I have heard, or read, some great speeches on race in America—Bobby Kennedy’s impromptu plea for peace, delivered from the back of a flatbed truck in Indianapoils on the night Martin Luther King Jr. was killed;
Bill Bradley taking the Senate to school the day after the Rodney King riots, slamming a bundle of pencils against the podium 56 times—the number of blows from police truncheons King endured—for emphasis (“pow! pow! pow!”); any one of a dozen of the Rev. King’s speeches. And I have heard candidates, at pivotal moments in a campaign, find the words to confront their critics and defuse a crisis. But I do not think I have ever heard a speech that so adroitly combined the two— that placed both the crisis, and the campaign, in the larger context of race in America—as the speech Barack Obama delivered in Philadelphia Tuesday morning.
It was honest, it was brave, it was unusually personal, but most of all it was... sensible. It was not “inspirational,” in the singsong, cheerleading style of Obama’s everyday campaign speeches. If it was inspiring, it was because it was so clearly predicated on a faith in the ability of the public to absorb a complex message—or rather, a message whose central theme, woven .throughout, was of complexity: that life is complex, people are complex, the United States is complex. It succeeded, I think, not just in presenting a convincing account of his relationship with his former pastor, the racebaiting Rev. Jeremiah Wright, but even of turning the controversy to his advantage.
The threat to his candidacy was real enough. Wright’s speeches, widely disseminated on the Net, were not just “controversial” or “incendiary,” in the careful euphemisms of the polite press. They were paranoid, hatefilled compendiums of every conspiracy theory, racial grievance or blame-America-first sentiment that ever cropped up on a loony-left
website. That Obama could have been so faithful a participant in this man’s church for 20 years, that he could have given him such a central place in his life—baptizer of his children, inspiration of his books—was not something that could simply be dismissed as guilt by association. If it was a stretch to believe that Obama secretly, against all the evidence, harboured the same views, the case could be made that he was willing to consort with a racial extremist if it helped establish his political standing in the Chicago black community—at once undermining the twin appeals of his candidacy, both his personal authenticity and his post-racial message of reconciliation. Clearly, Obama had some explaining to do.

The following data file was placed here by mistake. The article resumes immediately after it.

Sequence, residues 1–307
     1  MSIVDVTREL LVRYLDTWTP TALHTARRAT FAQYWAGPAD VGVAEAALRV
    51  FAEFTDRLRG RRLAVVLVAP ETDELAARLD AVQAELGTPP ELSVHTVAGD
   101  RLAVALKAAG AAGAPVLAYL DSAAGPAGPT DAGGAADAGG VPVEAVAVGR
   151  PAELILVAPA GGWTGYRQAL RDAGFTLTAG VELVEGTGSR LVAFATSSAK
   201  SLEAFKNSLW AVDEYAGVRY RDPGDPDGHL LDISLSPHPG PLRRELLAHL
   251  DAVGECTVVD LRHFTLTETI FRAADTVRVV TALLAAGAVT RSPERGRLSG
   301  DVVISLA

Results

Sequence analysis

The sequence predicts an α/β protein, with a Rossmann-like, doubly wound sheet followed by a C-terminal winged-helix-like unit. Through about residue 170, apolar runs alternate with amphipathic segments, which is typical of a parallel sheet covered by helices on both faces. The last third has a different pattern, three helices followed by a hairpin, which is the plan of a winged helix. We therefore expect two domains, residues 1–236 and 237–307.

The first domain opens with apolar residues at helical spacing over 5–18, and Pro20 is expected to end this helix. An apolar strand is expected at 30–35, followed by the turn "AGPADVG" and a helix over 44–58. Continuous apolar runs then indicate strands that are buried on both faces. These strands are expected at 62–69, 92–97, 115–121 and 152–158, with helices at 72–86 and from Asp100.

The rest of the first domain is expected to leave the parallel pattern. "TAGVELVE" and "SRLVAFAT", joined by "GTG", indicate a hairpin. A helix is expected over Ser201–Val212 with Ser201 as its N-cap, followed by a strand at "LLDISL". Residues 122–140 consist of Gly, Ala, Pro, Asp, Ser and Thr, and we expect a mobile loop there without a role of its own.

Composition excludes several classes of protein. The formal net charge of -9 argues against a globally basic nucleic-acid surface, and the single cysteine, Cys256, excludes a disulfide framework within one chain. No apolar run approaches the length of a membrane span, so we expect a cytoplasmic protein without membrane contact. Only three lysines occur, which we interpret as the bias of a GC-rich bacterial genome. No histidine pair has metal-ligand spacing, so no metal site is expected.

His white grandmother could love him, but confess her ‘fear of black men on the street’
He began, fittingly given his setting, with the foundational paradox of American history: a constitution that proclaimed the equality of every citizen, yet was “stained by this nation’s original sin of slavery.” Another black leader might have dwelled on this contradiction. Instead, Obama focused on the impossibility of that tension remaining unresolved: the ideals in the constitution themselves planted the seeds of an inevitable progress toward greater equality—though not one that could be realized without generations of struggle and sacrifice.
If it had taken too long to see those gains realized, that helped to explain the anger of men of Rev. Wright’s generation. Explain,
but not excuse: Wright’s mistake was not to speak about racism, but to believe that nothing had changed, that progress was impossible—to elevate “what is wrong with America above all that we know is right with America.” Indeed, Obama’s own candidacy was, he implied, the most eloquent rebuke to Wright’s pessimism.
This is the theme that runs throughout the speech, a relentless balancing of opposites, a pairing of contradictory ideas. The same Wright who could preach such bile from the pulpit was also the man who taught Obama faith and love, and his community self-reliance. Is it so impossible to believe, in that context, that Obama could love the man and hate his views? That he could condemn his sermons, without disowning him? No more than that his own white grandmother, the woman who helped raise him, could love him deeply, yet confess “her fear of black men who passed by her on the street.” So it was necessary to condemn such views, but also to understand where they came from—both at the same time, not one or the other, as partisans of the right or left tend to do. In the same way, it was not enough to dismiss white resentments, but also to understand white fears. If some demagogues had exploited black rage for political gain, others had done the same, many times over, with whites. That did not make either side’s anger illegitimate. But in neither case was anger enough. Blacks were entitled to press for change, for bet-
ter social services and against discrimination, but also to realize “our own complicity in our condition.” Whites had a right to want safe streets without being accused of racism, but also had to understand the reality of black grievances.
In the end, what was most impressive was his steely disavowal of that trite strategy of a politician in trouble, the plea to be allowed to “move on.” To the contrary: you want to talk about race, Obama challenged his critics? All right, let’s talk about it. Move on? Let’s dive in. M
ON THE WEB: For more Andrew Coyne, visit his blog at www.macleans.ca/andrewcoyne
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